This week I felt compelled to write about Fathers, Daughters and the Crisis in the Western World. Yesterday I talked about our call to honor our fathers in, Giving Our Hearts to Our Fathers.
After reading So Much More, by Anna Sofia and Elizabeth Botkin, my mind has been flooded with cultural observations and personal reflections. Today, in the midst of all that, I want to talk about why we need our fathers.
Cultural observation #1: Most TV shows, if they depict a modern family at all, depict a female dominated family with a bumbling fool for a father. Gone are the days of the steady, calm leadership of Andy Taylor on the Andy Griffith Show. How about the pioneer savvy of Charles Ingalls on Little House on the Prairie? We don’t even have the dedicated, respected leadership of Mike Brady (father of The Brady Bunch). The days of Cliff Huxtable’s subtle wisdom have passed. More recently we had Ray Romano of Everyone Loves Raymond. Ray’s leadership was undermined every step of the way by a wife who doubted him and question his ability.
That’s pretty much the standard view these days. We look endearingly at our dad’s as if their foolishness makes them sweet, but we can’t trust their leadership. We patronize them with a kiss on the cheek, all the while knowing that we will do it our way. We simply don’t respect their masculinity, their strength, or their wisdom.
What does God say about this?
But there is one thing I want you to know: The head of every man is Christ, the head of woman is man, and the head of Christ is God (1 Cor. 11:3).
EEK! How archaic right? The Bible is so outdated. Of course man isn’t the head of woman… right? We don’t have to allow our dad’s to dictate their standards to our families these days do we?
Well, if want God’s favor, it is crucial, that we turn our hearts back to our fathers (Mal. 4:6) and exalt them to their rightful place of leadership as God ordained in the Garden of Eden (Gen. 1 & 2)
As daughters, we need our dads because God has ordained their leadership over the family (Eph 5 &6). They aren’t to rule with an iron-clad dictatorship, but as ambassador’s for Christ.
In the same way, you husbands must give honor to your wives. Treat your wife with understanding as you live together. She may be weaker than you are, but she is your equal partner in God’s gift of new life. Treat her as you should so your prayers will not be hindered (1 Pet. 3:7).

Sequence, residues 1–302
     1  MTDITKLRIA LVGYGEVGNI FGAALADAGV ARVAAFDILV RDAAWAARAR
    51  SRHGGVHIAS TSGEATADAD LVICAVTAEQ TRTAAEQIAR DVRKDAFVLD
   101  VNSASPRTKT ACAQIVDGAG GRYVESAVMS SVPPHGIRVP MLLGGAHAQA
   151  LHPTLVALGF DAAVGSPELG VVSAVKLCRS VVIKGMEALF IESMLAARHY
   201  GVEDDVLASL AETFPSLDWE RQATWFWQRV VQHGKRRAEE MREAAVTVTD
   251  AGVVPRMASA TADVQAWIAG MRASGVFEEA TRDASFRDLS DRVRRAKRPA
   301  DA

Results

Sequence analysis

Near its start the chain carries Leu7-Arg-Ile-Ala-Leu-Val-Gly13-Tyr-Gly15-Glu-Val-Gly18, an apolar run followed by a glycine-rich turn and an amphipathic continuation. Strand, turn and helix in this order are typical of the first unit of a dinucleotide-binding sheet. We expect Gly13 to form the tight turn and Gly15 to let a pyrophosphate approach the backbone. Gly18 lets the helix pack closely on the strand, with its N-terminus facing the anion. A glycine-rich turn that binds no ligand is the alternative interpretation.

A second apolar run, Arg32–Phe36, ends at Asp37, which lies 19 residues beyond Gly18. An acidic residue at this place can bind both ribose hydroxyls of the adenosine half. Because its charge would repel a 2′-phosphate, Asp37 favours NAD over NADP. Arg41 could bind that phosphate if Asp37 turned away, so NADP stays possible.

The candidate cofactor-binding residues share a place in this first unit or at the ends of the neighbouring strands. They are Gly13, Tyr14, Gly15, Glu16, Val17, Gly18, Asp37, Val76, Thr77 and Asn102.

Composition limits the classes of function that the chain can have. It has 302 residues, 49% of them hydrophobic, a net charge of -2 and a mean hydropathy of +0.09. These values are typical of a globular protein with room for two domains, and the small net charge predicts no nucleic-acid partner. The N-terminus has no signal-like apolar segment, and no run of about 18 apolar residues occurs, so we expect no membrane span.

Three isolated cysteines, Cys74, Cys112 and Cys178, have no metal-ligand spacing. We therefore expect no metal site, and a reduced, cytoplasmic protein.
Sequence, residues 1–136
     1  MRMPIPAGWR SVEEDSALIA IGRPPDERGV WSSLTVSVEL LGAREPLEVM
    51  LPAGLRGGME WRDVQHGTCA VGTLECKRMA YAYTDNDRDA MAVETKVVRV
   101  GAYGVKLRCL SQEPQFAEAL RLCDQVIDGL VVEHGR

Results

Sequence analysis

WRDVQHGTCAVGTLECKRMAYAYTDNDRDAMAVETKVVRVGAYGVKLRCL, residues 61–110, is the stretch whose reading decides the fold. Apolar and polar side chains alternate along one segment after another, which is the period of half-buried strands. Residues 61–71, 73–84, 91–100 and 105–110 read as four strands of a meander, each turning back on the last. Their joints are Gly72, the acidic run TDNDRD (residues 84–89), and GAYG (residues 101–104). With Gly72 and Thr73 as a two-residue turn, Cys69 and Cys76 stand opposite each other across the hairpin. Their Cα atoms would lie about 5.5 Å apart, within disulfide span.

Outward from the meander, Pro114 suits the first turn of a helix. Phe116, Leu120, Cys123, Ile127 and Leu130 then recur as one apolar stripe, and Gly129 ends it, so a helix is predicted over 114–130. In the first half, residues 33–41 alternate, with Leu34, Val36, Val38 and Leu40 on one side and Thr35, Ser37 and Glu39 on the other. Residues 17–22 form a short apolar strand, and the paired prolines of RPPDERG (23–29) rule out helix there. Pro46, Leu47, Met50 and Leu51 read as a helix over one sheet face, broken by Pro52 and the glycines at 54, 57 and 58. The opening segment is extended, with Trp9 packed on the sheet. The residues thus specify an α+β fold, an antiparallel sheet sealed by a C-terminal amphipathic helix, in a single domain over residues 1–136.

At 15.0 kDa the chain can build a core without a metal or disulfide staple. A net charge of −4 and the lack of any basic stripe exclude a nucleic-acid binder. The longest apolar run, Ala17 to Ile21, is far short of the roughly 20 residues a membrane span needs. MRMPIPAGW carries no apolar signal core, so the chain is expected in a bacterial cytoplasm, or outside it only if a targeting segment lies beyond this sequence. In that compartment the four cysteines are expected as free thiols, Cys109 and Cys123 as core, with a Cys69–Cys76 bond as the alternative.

Husbands, love your wives and never treat them harshly…Fathers, do not aggravate your children, or they will become discouraged (Col. 3: 19,21).
Father’s are called to provide for us (1 Tim. 5:8). Father’s are called to protect us, even from ourselves.
If a young woman makes a vow to the Lord or a pledge under oath while she is still living at her father’s home, and her father hears of the vow or pledge and does not object to it, then all her vows and pledges will stand. But if her father refuses to let her fulfill the vow or pledge on the day he hears of it, then all her vows and pledges will become invalid. The Lord will forgive her because her father would not let her fulfill them (Num. 30:3-5).
From the time of Moses, God allowed father’s to intercede if their daughters made a rash vow. Oh, how valuable that would be today if we accepted that role of fathers. Let’s face it, as whimsical girls we make commitments to education, careers, and relationships that are nothing but big, fat mistakes. We need the rational, analytical decision making of our dads. We need the protection of our fathers.
Just as father’s are called to lead. Their children are called to follow.
Children, obey your parents because you belong to the Lord, for this is the right thing to do. “Honor your father and mother.” This is the first commandment with a promise: If you honor your father and mother, “things will go well for you, and you will have a long life on the earth (Eph. 6:1-3).
Children, always obey your parents, for this pleases the Lord (Col. 3:20).
If you are an unmarried woman, I would like to challenge you to placing your father as the leading male role in your life. If you are a married woman, I would like to challenge us remember that marriage wasn’t our first chance to ditch our dads. Rather, marriage was an opportunity to continue honoring our fathers as we grow his legacy.
Tomorrow, we will discuss some of the difficulties that arise when we deem our dad’s as “less-than-perfect.” See you then.
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